Progress made in public health

By LI WENFANG in Guangzhou | China Daily | Updated: 2023-10-02 08:55
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Kang Min (right) and his colleagues work at a residential community in Guangzhou, Guangdong province, in 2021 during a COVID-19 outbreak. PHOTO/CHINA DAILY

Improved response, increasing attention key for infectious disease control, CDC expert says

More monitoring of contagious diseases, more sophisticated lab testing and a greater emphasis by the government are among the changes Kang Min has seen in public health in his 18-year career.

In Guangdong, where Kang serves as director of Guangdong Provincial Center for Disease Control and Prevention's Institute for the Prevention and Control of Infectious Diseases, surveillance points for infectious diseases were established following the 2003 SARS epidemic. Today, the surveillance networks have broadened to include medical institutions at both the county and district levels.

Nucleic acid testing was once possible only at disease control and prevention centers at the provincial level or in major cities. But now the tests are widely available.

"Decision-makers have paid more attention to the advice of public health professionals as scientific capabilities, including data analysis, have progressed," Kang said, noting that public health refers both to people and to safe public spaces. "So, precision is needed to assess possible impacts of a disease on society."

During his career, Kang has joined the fight against a number of infectious outbreaks, including those related to dengue fever, the H1N1 flu, Zika virus, Middle East respiratory syndrome (MERS) and COVID-19. He received the national Most Beautiful Doctor award in August, along with a handful of other medical workers.

The public health sector, through its disease monitoring network, has maintained its emergency response status over the past two decades, Kang said. "Phones are available around the clock to receive any urgent report from any township."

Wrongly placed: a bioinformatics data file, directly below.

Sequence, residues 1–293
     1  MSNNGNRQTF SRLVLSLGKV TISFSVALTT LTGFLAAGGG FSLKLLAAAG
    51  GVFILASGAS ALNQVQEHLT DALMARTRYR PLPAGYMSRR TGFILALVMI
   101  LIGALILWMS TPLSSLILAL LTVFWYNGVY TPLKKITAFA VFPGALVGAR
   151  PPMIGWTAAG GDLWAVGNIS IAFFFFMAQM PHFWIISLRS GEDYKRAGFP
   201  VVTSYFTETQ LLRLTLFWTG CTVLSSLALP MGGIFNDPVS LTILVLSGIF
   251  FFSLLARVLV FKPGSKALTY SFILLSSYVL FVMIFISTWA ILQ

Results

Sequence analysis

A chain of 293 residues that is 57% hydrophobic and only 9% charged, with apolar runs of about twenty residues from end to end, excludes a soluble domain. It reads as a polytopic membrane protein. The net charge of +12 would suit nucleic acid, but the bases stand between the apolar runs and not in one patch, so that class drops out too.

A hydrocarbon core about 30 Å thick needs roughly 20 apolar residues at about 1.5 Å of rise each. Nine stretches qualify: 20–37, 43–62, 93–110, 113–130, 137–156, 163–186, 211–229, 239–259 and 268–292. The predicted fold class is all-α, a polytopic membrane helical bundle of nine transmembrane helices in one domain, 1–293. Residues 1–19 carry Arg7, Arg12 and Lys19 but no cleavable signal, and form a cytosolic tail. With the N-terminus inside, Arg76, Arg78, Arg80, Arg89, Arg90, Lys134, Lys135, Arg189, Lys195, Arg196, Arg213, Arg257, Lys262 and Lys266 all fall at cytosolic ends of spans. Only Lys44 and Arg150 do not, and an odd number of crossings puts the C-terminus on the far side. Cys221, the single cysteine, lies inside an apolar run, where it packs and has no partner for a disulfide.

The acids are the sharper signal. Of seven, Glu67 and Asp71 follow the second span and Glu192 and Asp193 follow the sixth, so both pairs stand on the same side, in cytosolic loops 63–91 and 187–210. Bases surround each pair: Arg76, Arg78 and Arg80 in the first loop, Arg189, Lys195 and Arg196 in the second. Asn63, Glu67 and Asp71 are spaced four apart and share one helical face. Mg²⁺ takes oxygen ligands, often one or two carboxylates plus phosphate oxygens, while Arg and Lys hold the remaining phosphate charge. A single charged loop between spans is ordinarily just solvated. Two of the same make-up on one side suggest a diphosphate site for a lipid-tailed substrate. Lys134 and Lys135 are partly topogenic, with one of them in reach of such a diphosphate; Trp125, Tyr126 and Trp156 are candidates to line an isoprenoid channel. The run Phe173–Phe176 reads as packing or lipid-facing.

"The report is automatically directed to related personnel who will analyze it and judge whether the situation is significant, whether it is a seasonal matter or whether it's abnormal and requires an immediate response," he said.

An urgent case arose in 2015, when an international visitor was found to be infected with the dangerous MERS virus in Huizhou, Guangdong. One of Kang's colleagues was taking a shower at night when the information arrived. The colleague immediately exited the shower, dressed in a hurry and rushed to his post in the city.

The rapid response of the team helped keep the virus from spreading, and the patient recovered.

The quick emergency action won the praise of the World Health Organization.

After that, the practice of tracing the movements of people who have had close contact with an infected person — drawing on cooperation with other institutions, the use of big data and other measures — has helped suppress epidemics, Kang said.

The concept of public health has been received well over the years, he said. During his research tour in parts of Guangdong before this year's Spring Festival, immediately after COVID-19 control measures were relaxed, Kang saw that grassroots medical workers and officials worked long hours to prevent severe cases, distribute medicines and supply daily necessities.

"At a nursing home, the workers were happy to have us there," he said. "They showed us around the facility and asked for our advice for better protection of the elderly people. To me, that meant they recognized the importance of our work and reflected their sincere desire to serve the elderly well."

Kang likened public health workers to guards in a lookout tower who can sound an alarm, adding that the public may be just one airline flight away from a new infectious disease.

Looking ahead, Kang sees global public health cooperation as necessary because diseases can cross borders in a hurry. "They are frequently not confined to one place. Cooperation needs to be enhanced and optimized through better mechanisms, including interagency coordination and regional communication," he said.

On the technical side, surveillance and early warning systems need more information technology support to make them more flexible and sensitive, Kang said, adding that continuous efforts are necessary to raise the professional caliber of health workers.

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